Peer-to-peer recognition

Peer-to-peer recognition has a profound effect on company culture

By John Schofield

Bankers are not generally thought to be sensitive, emotional types. But the ones at Toronto-based TD Bank Financial Group have been bucking the stereotype by getting in touch with their inner gratitude.

The bank’s e-card initiative allows TD’s 55,000 employees across Canada to e-mail specially designed thank you notes to any colleague in the company. The peer-to-peer recognition program has unleashed an incredible outpouring of appreciation—and could be a reason why the bank was named one of Canada’s top 10 employers by the Financial Post.

An estimated 20,000 e-cards are sent through TD’s internal e-mail system every month. Employees can choose from a variety of cards, which are designed in-house and regularly changed. “This program really reinforces the recognition culture that we’re trying to build,” says Karey Stanley, manager, global recognition programs. “Most of the intent is about saying, ‘You did a great job.’”

Praise from your boss is nice, but being recognized by your peers is especially powerful, says Peter Hart, president and CEO of Montreal-based Rideau Inc., a global leader in corporate and government recognition programs and products. One of the most compelling symbols of that power, he says, is the illustrious Academy Awards. “When you’re appreciated by the people you work with every single day,” he observes, “that’s one of the strongest forms of recognition you can receive.”

Effective peer recognition can have a profound impact on an organization, says Kevin Kelloway, a professor and Canada research chair in occupational health psychology at Saint Mary’s University in Halifax. While it shouldn’t replace recognition by managers, he adds, it’s a good start. Managers can’t be around all the time, he says, and in many firms, they only tend to hear about the problems. With peer recognition, “you start hearing about the good things that are going on,” says Kelloway, “and that’s an important change of focus for companies. Leaders tell us what an amazing difference that makes in the workplace.”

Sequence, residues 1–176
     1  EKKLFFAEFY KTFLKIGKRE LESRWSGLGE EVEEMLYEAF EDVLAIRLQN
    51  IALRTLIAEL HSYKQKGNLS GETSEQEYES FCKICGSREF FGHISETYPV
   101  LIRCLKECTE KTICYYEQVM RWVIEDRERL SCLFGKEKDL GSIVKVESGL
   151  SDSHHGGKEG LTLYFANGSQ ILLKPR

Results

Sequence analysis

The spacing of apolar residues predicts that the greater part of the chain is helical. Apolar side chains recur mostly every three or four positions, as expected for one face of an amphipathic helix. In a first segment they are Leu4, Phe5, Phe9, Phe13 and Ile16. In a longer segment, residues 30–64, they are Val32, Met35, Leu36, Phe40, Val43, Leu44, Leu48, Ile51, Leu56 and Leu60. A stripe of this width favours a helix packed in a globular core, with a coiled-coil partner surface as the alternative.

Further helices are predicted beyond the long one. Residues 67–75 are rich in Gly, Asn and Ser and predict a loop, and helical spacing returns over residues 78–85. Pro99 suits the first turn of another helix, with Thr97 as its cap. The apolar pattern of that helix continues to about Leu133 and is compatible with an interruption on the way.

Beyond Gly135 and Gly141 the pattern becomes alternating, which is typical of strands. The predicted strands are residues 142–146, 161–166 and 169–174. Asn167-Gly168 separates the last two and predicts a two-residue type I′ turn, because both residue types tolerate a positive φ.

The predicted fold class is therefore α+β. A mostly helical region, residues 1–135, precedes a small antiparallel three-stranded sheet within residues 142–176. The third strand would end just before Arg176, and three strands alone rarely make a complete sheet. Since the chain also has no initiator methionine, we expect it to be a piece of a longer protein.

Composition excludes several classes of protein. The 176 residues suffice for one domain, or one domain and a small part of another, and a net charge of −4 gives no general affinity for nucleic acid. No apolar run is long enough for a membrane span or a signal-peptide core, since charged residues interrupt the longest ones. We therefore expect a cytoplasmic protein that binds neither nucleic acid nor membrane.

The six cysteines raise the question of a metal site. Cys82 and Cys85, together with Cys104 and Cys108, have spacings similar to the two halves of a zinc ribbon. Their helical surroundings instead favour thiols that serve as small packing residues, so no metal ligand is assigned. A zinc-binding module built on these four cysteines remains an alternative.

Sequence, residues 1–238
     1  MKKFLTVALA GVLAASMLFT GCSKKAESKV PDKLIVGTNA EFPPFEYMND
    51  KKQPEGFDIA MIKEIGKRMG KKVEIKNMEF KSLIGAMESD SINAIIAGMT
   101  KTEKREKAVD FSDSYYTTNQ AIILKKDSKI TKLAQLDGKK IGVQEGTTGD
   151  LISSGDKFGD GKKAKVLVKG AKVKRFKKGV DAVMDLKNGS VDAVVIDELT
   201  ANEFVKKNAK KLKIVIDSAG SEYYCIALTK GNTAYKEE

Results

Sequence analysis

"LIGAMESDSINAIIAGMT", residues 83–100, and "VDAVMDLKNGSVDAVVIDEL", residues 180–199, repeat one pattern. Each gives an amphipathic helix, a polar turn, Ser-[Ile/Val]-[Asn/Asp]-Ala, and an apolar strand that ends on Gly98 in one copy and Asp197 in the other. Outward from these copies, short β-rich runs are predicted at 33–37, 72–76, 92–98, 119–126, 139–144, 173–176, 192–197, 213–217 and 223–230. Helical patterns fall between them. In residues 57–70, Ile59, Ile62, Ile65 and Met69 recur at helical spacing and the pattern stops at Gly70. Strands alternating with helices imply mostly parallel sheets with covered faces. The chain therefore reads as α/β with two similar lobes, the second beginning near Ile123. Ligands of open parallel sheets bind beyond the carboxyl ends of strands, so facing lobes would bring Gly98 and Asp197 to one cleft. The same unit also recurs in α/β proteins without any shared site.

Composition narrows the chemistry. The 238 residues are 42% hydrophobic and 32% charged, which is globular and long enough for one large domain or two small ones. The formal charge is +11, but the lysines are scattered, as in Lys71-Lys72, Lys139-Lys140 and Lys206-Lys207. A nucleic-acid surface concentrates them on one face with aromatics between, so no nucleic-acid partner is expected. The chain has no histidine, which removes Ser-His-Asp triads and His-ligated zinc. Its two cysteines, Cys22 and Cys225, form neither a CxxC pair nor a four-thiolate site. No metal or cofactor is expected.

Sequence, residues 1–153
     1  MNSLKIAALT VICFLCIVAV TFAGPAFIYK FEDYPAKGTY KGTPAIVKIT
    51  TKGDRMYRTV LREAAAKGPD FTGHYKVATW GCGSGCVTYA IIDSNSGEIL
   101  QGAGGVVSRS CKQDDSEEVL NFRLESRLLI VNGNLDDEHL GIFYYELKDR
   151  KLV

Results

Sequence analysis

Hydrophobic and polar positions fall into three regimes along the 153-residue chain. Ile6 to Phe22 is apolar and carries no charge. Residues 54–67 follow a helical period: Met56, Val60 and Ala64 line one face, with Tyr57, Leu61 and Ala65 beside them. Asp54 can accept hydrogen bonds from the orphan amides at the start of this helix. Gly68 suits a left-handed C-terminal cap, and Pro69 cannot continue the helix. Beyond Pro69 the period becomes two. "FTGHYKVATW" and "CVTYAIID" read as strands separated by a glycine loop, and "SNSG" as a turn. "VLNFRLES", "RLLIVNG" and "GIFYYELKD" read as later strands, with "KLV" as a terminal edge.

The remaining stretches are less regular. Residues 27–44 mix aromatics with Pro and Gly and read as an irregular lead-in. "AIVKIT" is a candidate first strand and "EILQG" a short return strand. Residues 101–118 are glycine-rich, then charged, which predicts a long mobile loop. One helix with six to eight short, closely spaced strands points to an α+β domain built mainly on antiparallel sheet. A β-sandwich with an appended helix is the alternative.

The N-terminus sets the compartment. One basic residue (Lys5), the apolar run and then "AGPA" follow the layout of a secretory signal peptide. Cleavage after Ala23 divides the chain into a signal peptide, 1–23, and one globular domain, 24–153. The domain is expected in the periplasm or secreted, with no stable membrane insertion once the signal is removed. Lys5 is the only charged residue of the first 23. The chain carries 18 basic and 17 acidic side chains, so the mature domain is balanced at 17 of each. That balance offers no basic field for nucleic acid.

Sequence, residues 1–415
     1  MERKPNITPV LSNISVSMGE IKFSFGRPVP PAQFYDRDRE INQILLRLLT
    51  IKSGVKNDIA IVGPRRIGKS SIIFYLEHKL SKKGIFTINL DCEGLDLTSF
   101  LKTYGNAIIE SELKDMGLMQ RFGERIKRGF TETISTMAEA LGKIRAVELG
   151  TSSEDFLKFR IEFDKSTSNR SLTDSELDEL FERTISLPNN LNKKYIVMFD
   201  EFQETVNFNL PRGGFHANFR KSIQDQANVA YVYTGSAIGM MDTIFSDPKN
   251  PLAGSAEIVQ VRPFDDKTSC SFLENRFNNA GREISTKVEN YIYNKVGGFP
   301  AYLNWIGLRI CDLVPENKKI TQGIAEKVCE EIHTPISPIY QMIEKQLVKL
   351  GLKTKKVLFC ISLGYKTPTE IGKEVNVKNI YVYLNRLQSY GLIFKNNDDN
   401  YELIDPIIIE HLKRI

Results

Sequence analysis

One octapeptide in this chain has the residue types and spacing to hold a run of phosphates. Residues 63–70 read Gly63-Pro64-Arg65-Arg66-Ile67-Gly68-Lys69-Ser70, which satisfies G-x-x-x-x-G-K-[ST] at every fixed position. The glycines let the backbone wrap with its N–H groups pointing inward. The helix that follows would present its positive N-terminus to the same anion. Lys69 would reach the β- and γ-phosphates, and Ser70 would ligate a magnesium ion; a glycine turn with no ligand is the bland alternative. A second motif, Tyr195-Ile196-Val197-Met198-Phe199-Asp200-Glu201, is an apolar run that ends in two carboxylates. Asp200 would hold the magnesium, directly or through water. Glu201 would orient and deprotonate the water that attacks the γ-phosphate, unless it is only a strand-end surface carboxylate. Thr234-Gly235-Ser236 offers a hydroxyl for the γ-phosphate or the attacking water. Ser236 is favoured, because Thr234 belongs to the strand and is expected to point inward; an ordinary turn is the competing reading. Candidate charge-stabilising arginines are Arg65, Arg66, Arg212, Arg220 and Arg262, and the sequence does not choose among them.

Large corporations often decide to establish formal peer-to-peer recognition programs, but an informal approach—like TD’s e-cards—can end up being more effective, says Kelloway. “The minute you dress it up formally you end up putting all kinds of rules around it and you actually start setting limits around it.”

In the end, a program’s success depends on management support. Unfortunately, it’s not always the case. According to Hart, 90 per cent of companies in North America have a recognition program of some kind, but 60 per cent of employees questioned in one survey said they don’t feel recognized. “There’s not enough time spent in appreciating people for who they are and then recognizing them for what they do,” he says. “The platinum rule for recognition is treat your employees exactly the way you would like them to treat your customers.”

Peer Recognition Pointers
PeopleMetrics, a Philadelphia-based firm specialized in employee engagement, offers these five tips when designing a peer recognition program:

Specific feedback is more important than general praise. Encourage employees to be precise when complimenting their peers.

Involve employees in designing your peer recognition program.

Ensure equal opportunities to give and receive feedback. Set up a level playing field.

Immediate feedback is more motivating than delayed feedback.

Managers and executives must lead by example especially in providing helpful, positive feeback.

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